Question: How has the economy affected the Gold Coast?

Answer: We’re getting as many people walking into our place as we have before, but with less to spend. That’s OK. Our philosophy is value and that works well for us. Our nongaming spending is down only 5 or 10 percent while it’s been down 13 to 18 percent in the city. We opened a T.G.I. Friday’s and they are offering a value message and they are doing things they don’t do nationally. They understand our customers.

We’re set up for this economy to some extent. If you build customers now, they will stick around. We value our relationships with our customers and our employees. If we do it right, a customer today will be loyal to us in the future.

Question: How do you answer the concerns of Gold Coast employees during these turbulent economic times?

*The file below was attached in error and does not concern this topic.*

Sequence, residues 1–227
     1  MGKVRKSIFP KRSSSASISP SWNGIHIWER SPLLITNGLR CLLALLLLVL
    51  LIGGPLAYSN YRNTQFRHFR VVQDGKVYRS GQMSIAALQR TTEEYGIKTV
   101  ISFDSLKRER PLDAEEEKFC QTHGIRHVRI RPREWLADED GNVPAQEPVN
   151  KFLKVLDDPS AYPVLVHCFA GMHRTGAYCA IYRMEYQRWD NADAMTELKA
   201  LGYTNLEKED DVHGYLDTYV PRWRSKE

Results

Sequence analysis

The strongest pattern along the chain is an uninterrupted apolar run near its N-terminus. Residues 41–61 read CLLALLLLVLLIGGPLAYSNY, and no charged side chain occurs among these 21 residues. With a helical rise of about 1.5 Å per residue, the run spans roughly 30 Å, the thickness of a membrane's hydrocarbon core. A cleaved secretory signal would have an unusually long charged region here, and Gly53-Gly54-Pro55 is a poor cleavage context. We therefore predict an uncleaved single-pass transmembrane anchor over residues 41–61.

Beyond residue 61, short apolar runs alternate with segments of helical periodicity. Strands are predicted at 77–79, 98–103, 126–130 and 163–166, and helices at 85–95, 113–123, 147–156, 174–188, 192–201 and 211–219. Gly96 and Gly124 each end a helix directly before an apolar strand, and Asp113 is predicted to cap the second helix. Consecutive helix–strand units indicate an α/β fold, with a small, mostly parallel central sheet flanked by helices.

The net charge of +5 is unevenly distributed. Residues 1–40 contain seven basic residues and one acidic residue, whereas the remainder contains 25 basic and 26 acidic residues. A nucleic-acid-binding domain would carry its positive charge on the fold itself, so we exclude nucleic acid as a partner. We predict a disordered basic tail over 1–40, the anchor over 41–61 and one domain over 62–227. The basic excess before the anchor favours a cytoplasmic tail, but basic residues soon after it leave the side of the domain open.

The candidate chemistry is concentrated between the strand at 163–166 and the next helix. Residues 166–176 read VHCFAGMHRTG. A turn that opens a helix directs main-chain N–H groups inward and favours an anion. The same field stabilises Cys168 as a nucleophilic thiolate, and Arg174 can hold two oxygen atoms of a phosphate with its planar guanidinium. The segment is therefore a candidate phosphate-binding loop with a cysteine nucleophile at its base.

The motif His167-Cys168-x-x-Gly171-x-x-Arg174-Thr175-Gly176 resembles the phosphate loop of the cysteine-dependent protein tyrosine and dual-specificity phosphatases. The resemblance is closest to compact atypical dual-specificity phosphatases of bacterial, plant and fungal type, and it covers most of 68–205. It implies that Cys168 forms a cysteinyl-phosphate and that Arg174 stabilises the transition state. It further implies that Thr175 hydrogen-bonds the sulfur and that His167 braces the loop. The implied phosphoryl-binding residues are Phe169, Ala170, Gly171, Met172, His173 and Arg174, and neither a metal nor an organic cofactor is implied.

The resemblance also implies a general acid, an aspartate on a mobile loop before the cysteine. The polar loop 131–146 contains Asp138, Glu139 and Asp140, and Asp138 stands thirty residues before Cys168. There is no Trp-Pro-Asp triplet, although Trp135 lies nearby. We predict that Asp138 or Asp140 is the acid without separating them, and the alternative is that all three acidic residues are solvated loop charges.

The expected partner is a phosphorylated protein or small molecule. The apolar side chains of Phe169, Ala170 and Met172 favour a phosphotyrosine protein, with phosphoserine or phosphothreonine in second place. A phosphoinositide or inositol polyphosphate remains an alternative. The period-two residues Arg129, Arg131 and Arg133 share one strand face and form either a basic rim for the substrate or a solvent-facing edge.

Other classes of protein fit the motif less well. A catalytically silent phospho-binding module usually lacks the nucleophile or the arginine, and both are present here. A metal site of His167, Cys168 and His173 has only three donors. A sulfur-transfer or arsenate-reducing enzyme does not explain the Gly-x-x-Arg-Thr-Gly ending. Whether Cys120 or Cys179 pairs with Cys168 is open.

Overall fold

Answer: It’s being on the floor amongst them and understanding their sense of security may not be there. I come from their same background. I’ve made beds, cleared tables, washed dishes and vacuumed floors. It’s interacting with employees and making them feel important. We let them know they make a difference when they have the right attitude when customers come through our doors.

Question: What are the differences between operating on and off the Strip?

Answer: At the Barbary Coast, people walk past your doors. As long as you get them in and keep them, you are in good shape. Las Vegas people are savvy. They look for the best value. They will go around and find the best deal.

Question: Do you have a favorite Coast property?

Answer: I’ve loved every property I’ve worked at because they are all unique in different ways. At the Barbary, which was my first time as a general manager, we had our best year in 27 years; not because I was there, but because the team had a different way of thinking and believing. The Barbary was near and dear to my heart. But I also helped open The Orleans. I was there when it was just dirt.

Contact reporter Howard Stutz at hstutz or 702-477-3871.